This paper sets out a framework for understanding water governance, arguing that a narrow focus on gender-sensitive mechanisms of water delivery (such as committees, tariffs, technologies) is insufficient to ensure gender equitable outcomes. We need to expand our analysis of water governance in two directions. Firstly, to understand the ways in which societal resources are allocated (through economic policies, legislation etc) and so shape mechanisms in particular ways. Secondly, to consider how different people are able to influence the outcomes of particular governance arrangements to produce gendered outcomes (for health and well-being, access and livelihoods, and for political voice).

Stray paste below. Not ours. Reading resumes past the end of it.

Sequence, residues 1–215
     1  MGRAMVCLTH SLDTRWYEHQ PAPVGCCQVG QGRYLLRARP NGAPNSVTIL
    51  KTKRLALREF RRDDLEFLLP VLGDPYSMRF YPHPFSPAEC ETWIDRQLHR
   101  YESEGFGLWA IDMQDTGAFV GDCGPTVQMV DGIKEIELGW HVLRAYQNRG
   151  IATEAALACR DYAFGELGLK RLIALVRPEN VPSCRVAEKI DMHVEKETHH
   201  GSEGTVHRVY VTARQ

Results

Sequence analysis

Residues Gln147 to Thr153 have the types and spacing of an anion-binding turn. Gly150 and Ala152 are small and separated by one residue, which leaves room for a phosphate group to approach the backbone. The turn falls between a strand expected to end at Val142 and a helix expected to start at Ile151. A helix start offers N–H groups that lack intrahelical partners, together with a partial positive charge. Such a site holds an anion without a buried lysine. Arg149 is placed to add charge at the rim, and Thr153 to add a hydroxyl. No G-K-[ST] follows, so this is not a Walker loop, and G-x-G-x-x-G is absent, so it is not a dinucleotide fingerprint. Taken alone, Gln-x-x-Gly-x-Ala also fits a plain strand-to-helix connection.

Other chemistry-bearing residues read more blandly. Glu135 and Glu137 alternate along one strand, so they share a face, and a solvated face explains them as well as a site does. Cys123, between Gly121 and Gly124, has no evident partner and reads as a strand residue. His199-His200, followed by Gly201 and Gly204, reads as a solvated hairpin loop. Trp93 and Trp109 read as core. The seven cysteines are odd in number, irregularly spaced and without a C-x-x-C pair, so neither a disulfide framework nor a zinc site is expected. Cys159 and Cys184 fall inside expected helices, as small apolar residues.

This article is hosted by our co-publisher Taylor & Francis. For the full table of contents for this and previous issues of this journal, please visit the Gender and Development website.
How to cite this resource
Citation styles vary so we recommend you check what is appropriate for your context. You may choose to cite Oxfam resources as follows:
Author(s)/Editor(s). (Year of publication). Title and sub-title. Place of publication: name of publisher. DOI (where available). URL
Our FAQs page has some examples of this approach.